This article was written by Liam Devitt

Peter Hurd-Watler, U of L student and CEO of tech start-up Veras has big ideas for the future of secure electronic voting.

Peter Hurd-Watler, CEO of Veras Technologies Inc. Image provided

As more and more of the things we need to do in our lives, from ordering groceries to checking our bank accounts, are able to be done easily with our phones, why not voting? That’s what Peter Hurd-Watler, a fourth year U of L Management and Urban and Regional Studies student and CEO of Veras Technologies Inc. is saying.

Hurd-Watler was talking to his roommate during the lead up to the 2019 provincial election. His friend, who grew up in an unspecified African country, expressed distrust in the election process there, using just “flimsy pieces of paper.” As Hurd-Watler tells it, he responded: “They do the same thing here in Canada! Just with fancier pieces of paper!” Hurd-Watler was in a blockchain hackathon at the time, and the idea to create an electronic voting platform that used blockchain, the security technology behind cryptocurrencies like Bitcoin, formed.

Blockchain, when operating in an ideal environment, promises near immunity to attack thanks to complicated cryptographic processes. However, just because a voting platform employs blockchain technology, does not mean that there are no vulnerabilities. 

Voatz is an electronic voting platform from the United States which was used in the 2018 West Virginia election, among others. Voatz was the subject of a paper by Massachusetts Institute of Technology researchers that identified several vulnerabilities in their system, including the ability to change a user’s vote and identify users. Unlike with paper ballots, where in order to change multiple ballots one would have to tamper with multiple physical pieces of paper, with electronic voting, it could be just as easy to change one vote as it could be to change thousands. Voatz, like the application Veras is developing, also uses blockchain. Hurd-Watler identified Voatz in his interview with The Meliorist as a competitor.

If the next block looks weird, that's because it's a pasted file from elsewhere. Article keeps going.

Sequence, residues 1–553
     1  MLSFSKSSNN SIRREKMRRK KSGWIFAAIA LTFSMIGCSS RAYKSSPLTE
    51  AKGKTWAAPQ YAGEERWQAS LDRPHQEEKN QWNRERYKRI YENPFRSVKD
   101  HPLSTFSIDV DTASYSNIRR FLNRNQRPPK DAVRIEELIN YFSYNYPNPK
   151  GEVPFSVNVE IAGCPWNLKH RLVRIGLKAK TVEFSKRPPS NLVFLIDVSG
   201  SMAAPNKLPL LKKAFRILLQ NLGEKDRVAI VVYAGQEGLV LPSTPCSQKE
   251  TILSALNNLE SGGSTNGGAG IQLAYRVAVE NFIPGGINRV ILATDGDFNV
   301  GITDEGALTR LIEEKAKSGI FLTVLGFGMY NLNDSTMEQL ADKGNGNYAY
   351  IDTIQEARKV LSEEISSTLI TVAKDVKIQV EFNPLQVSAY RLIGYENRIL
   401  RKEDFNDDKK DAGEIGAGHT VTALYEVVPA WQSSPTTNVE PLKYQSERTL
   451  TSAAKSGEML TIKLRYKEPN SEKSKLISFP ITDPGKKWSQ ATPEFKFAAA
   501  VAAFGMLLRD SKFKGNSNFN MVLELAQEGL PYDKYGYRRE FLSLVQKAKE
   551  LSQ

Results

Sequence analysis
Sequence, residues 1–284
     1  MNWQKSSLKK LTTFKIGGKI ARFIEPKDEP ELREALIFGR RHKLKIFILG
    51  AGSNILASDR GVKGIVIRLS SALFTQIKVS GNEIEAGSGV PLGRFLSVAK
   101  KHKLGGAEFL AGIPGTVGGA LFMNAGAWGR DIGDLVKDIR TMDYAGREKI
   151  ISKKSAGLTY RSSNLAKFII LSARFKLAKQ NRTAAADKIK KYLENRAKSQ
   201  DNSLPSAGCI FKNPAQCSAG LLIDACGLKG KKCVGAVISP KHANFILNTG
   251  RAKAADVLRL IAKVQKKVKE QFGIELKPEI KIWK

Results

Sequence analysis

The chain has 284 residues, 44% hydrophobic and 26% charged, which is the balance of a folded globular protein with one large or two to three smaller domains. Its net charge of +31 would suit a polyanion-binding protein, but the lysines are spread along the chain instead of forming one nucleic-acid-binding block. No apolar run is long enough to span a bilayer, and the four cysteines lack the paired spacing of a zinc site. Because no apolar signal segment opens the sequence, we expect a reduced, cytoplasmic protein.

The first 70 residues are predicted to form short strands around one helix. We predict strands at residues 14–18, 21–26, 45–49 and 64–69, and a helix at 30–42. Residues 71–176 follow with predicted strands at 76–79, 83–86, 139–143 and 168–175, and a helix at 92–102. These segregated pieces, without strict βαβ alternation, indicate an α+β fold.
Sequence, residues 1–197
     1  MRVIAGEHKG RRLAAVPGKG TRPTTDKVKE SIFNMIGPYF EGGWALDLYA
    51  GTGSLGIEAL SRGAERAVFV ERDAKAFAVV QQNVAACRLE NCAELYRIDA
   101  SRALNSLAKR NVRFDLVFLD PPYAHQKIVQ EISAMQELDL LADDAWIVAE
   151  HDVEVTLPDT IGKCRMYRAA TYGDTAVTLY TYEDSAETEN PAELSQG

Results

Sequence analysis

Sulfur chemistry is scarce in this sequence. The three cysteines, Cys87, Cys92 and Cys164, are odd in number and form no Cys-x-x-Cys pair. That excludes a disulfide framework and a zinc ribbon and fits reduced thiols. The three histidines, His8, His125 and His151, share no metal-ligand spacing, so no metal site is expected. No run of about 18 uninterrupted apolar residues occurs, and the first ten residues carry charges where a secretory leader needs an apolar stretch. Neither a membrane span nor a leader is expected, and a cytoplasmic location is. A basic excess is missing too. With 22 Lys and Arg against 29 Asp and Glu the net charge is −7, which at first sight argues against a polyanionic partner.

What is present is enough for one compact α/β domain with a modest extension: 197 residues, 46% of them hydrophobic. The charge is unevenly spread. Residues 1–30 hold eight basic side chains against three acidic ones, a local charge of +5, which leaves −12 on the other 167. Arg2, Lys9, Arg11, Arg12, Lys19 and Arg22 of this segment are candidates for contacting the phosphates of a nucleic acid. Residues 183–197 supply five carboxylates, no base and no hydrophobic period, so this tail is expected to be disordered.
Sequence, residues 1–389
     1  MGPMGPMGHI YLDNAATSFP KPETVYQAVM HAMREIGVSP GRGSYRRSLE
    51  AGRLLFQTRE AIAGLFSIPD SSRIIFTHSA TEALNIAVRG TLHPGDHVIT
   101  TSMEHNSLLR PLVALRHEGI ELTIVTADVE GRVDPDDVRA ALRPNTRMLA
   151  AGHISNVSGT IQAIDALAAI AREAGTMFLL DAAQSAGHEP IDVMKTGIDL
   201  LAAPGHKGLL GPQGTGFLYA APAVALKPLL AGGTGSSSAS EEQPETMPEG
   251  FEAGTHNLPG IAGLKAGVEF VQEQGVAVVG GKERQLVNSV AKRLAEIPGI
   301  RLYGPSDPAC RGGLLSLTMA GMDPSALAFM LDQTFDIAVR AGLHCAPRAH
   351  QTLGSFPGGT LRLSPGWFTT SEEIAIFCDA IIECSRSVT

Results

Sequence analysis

Hurd-Watler argues that despite the superficial similarities between Veras and Voatz, Veras will not have the same vulnerabilities. He stressed the importance of open-source code and not outsourcing key parts of the platform, like facial recognition, and the importance of using the strongest encryption.

Logo of Veras Technologies Inc. Image provided by Veras.

Veras also sees itself not just as a way for people to vote, but also as a way of strengthening “digital citizenship.” Hurd-Watler touted the feature of being able to see the platforms of the candidates on the ballot as a way of making an informed decision. In addition, the verification process used to cast one’s ballot could also be used to interact with politicians. Hurd-Watler and his colleagues spoke to multiple elected officials about their concerns with the democratic process, and many of them cited an increase in ‘trolling’ and bots as detrimental to public discourse. Having a verified ID when speaking to politicians could help remedy that, Hurd-Watler says.

When asked if he thinks voters will trust his platform compared to paper ballots, even if it is as secure as possible, he acknowledges that earning the trust of voters and authorities looking to employ Veras’ services is still a big issue that needs to be worked on. However he feels that young people may turn out to vote in greater numbers if there was an online platform. He called the current youth voter turnout rate “abysmal.”

While Veras is currently in the development stage of their platform, Hurd-Watler hopes to trial the platform in a small Albertan municipality soon.

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